Ken Bookman, 67, of Bala Cynwyd, a journalist who turned a passion for cooking into a successful career as a food editor and cookbook writer, died Sunday, July 17, at his home after a long struggle with uveal melanoma, a cancer of the eye. Mr. Bookman, known to colleagues for his razor-sharp wit as much as his finely honed culinary skills, was food editor at the Inquirer at a time when newspapers started covering restaurants and cooking as seriously as...
NEWS
July 3, 2016
Barbara Goldsmith, 85, a best-selling writer who chronicled high-society contretemps including the custody dispute over "poor little rich" Gloria Vanderbilt in the 1930s, unveiling the wealthy and famous as often empty and unhappy, died June 26 at her home in New York City. The cause was congestive heart failure, said her assistant Jeremy Steinke. Ms. Goldsmith was a founding editor of New York magazine, a contributor to publications including Vanity Fair and the New Yorker, and the author of four nonfiction books.
NEWS
June 13, 2016 | By Valerie Russ, Staff Writer
A YOUNG mother gives up her newborn baby boy for adoption only months before her own high school graduation. The mother is 17. Nearly 50 years later, the mother, Victoria Huggins Peurifoy, tells the story in a letter to a son she saw only once. In a poem based off a family photograph, which includes a little girl, Carol Richardson McCullough writes of the sister she never met. The toddler died before McCullough was born. These are samples of the stories and poems collected in two new books, Anthology 2 and Portraits Through Time.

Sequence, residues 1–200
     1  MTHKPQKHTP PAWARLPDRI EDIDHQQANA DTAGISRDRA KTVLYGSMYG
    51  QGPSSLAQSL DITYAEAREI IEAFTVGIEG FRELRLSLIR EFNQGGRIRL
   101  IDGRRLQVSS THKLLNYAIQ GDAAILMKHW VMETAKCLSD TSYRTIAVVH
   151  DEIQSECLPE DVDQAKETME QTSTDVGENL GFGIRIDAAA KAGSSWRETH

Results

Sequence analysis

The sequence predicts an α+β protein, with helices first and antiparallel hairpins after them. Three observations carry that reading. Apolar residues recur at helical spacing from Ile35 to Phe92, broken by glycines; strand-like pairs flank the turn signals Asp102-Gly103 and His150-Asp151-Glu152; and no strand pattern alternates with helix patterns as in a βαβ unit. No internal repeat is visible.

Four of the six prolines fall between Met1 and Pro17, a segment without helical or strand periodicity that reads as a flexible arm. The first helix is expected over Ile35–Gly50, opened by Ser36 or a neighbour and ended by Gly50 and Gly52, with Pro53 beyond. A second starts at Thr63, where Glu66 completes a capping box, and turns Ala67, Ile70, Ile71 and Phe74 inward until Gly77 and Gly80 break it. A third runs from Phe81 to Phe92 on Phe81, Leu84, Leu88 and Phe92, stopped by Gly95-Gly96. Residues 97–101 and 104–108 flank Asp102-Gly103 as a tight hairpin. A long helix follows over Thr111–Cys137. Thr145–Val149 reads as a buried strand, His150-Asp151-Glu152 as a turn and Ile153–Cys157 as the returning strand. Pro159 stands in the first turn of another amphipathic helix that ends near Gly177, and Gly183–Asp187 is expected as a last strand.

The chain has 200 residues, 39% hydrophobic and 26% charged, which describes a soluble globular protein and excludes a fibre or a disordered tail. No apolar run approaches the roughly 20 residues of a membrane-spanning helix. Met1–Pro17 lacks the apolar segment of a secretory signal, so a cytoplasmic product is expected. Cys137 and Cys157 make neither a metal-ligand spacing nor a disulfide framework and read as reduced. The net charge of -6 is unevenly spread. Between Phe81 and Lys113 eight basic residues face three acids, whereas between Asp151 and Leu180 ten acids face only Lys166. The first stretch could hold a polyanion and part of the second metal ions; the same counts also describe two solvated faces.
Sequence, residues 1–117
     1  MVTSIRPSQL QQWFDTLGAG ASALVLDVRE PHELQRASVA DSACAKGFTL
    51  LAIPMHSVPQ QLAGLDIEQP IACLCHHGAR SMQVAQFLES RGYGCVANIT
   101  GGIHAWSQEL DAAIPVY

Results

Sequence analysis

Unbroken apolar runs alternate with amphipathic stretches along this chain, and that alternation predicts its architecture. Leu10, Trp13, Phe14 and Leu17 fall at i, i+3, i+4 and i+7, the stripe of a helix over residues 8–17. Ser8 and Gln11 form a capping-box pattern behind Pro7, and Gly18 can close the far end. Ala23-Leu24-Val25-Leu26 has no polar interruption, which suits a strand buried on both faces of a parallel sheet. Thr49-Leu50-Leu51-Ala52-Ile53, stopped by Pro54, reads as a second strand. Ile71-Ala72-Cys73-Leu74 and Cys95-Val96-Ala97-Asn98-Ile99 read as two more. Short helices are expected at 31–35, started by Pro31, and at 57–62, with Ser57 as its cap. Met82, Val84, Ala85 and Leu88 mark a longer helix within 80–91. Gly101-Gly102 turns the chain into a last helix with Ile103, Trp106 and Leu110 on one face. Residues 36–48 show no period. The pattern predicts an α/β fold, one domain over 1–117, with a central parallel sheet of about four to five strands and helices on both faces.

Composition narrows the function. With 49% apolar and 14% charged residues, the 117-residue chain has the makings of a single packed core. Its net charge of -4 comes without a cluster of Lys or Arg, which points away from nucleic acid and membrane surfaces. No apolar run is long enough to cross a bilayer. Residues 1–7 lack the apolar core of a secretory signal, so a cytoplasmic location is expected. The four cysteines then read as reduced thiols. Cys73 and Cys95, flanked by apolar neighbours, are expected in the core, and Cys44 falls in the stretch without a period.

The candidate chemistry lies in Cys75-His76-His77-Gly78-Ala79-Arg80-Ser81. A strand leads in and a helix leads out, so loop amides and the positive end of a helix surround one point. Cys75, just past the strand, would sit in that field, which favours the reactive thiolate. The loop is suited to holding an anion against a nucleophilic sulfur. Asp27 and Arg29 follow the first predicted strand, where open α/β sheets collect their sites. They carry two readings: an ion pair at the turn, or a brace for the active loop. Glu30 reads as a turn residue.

NEWS
June 3, 2016 | By Lynn Rosen, For The Inquirer
The Rosenbach Museum and Library is always on the alert for a good literary anniversary - or an anniversary that can be celebrated through literature. The former is coming up June 16 - Bloomsday, the Rosenbach's annual celebration of James Joyce's novel Ulysses , which takes place on that date in 1904. The Rosenbach event has grown over the last 20-plus years to include readings, concerts, and even a Bloomsday 101 trivia quiz at Fergie's Pub. This year marks the centenary of the Irish Easter Rising, and the Rosenbach will host a literary celebration to mark that occasion Thursday evening, when contemporary Irish writers will take the stage of the Montgomery Auditorium at the Free Library of Philadelphia.